Sometimes the best finds are the accidental ones, and that was certainly the case with the Stavich Trail, which we found by missing the turn for Cascade Park in New Castle. Upon catching a glimpse of a caboose hidden in the woods, I knew we were destined to return.
Constructed in 1983, with generous funding from the John and George Stavich families, this bicycle trail extends 10.5 miles from New Castle to Struthers, Ohio.
The land next to the trail can be traced back to the 1600s, when it served as hunting grounds for the Seneca Nation and homeland for the Delaware Nation. The trail itself is part of the former Mahoning Indian path that connected Beaver to Cayahaga (now Akron).
The Stavich Trail is not your ordinary bike trail! The trail was built over the abandoned trolley track of the Penn-Ohio Trolley Line, created in 1889, which connected New Castle to Youngstown, Ohio. In 1933, the track was abandoned. Since electric railroads were not built to the same standards as conventional railroads, which are more forgiving about gradients, this trail is hillier than most rails-to-trails.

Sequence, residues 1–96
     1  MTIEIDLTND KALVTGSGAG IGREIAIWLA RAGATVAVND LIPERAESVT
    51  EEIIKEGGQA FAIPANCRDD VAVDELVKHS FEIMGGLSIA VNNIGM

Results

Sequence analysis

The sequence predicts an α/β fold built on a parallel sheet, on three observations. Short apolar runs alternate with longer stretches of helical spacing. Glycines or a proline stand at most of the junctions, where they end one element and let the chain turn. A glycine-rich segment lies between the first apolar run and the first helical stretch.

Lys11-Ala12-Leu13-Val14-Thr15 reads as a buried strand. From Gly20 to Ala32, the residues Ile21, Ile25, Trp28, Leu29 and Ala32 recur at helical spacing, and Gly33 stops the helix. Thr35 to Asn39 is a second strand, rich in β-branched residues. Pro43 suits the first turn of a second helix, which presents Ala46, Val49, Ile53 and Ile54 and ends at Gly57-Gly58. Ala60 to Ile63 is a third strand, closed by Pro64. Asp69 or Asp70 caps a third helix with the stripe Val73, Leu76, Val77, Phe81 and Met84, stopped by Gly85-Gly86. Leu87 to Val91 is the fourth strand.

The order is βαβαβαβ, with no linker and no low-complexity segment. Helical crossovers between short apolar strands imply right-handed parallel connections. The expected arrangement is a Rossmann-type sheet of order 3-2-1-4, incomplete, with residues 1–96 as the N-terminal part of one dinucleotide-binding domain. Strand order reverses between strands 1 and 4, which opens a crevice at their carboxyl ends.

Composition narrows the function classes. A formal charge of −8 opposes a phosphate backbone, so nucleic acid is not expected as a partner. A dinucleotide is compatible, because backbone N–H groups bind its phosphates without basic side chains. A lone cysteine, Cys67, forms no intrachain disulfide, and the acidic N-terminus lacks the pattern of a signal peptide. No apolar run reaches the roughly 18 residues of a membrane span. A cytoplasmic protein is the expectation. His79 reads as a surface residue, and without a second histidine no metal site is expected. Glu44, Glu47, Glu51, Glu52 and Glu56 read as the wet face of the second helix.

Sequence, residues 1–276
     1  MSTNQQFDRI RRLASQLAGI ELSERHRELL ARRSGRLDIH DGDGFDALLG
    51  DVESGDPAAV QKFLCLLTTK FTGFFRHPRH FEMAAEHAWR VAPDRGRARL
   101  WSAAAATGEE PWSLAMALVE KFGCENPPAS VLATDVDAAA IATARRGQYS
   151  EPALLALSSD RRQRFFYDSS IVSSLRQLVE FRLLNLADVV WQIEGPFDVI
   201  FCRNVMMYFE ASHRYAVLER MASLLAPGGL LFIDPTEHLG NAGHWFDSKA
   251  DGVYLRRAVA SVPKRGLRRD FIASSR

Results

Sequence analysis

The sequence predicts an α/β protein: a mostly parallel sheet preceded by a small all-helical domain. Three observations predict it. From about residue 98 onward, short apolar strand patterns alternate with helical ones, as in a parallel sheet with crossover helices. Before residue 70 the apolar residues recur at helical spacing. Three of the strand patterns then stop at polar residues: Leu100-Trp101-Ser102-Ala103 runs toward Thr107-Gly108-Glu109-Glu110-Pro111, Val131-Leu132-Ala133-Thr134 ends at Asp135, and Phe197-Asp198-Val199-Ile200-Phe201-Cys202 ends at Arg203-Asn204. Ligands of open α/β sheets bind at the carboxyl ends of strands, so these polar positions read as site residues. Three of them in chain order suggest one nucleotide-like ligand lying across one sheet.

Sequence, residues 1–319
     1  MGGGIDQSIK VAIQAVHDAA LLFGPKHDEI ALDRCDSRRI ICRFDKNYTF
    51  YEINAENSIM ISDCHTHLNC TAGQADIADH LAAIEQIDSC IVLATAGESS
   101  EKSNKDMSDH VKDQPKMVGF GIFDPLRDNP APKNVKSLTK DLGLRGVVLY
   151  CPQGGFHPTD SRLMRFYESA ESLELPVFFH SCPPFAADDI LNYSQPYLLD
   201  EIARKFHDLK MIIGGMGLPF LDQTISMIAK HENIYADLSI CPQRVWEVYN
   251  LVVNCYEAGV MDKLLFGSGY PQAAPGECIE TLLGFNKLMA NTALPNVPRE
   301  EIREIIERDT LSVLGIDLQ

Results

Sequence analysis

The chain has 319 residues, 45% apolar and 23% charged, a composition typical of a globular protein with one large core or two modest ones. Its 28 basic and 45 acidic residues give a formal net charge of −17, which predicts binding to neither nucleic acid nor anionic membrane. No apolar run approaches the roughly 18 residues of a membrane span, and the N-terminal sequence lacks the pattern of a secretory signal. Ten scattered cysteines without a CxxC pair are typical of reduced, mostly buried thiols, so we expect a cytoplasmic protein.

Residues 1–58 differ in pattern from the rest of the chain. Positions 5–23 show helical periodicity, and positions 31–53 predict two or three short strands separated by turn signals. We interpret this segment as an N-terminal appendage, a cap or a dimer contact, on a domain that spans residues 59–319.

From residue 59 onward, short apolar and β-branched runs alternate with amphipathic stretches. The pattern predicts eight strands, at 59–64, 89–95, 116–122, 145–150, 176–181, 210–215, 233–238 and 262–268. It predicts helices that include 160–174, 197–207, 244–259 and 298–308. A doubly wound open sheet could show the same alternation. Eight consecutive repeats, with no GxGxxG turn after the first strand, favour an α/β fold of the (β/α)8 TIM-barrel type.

On the contrary, the Stavich Trail is actually a rail-with-trail! Bicyclists will ride parallel to an active CSX railroad track. It is a safe assumption that a train will come past during your ride. We spotted seven!
Unlike other trails paved with crushed limestone, the Stavich Trail is paved with asphalt. Riders may notice “speed bumps” in the pavement where the surface has risen up. I had an unfortunate tumble heading downhill after hitting one of these bumps.
The Stavich Trail runs parallel to the Mahoning River.
The trail passes an active beaver pond. Beaver are active in early morning.
In addition to riding next to trains, you will also cross state lines!
We spotted beaver and bunnies along the trail. After crossing into Ohio, we noticed a few dead moles and mice.
Wildflowers are widespread, especially summer-blooming tiger lilies.
The trail meanders through quiet rural areas with small farms, industrial complexes, and small town streets. One moment you may hear clucking chickens and the next you may hear electric machinery. Of course there’s also the occasional whistle of a passing train!
The trail takes a brief detour through the streets of Lowellville.
While it is possible that the trail might one day extend southward into Beaver County to connect with the Great Allegheny Passage via the Montour Trail, no official plans exist.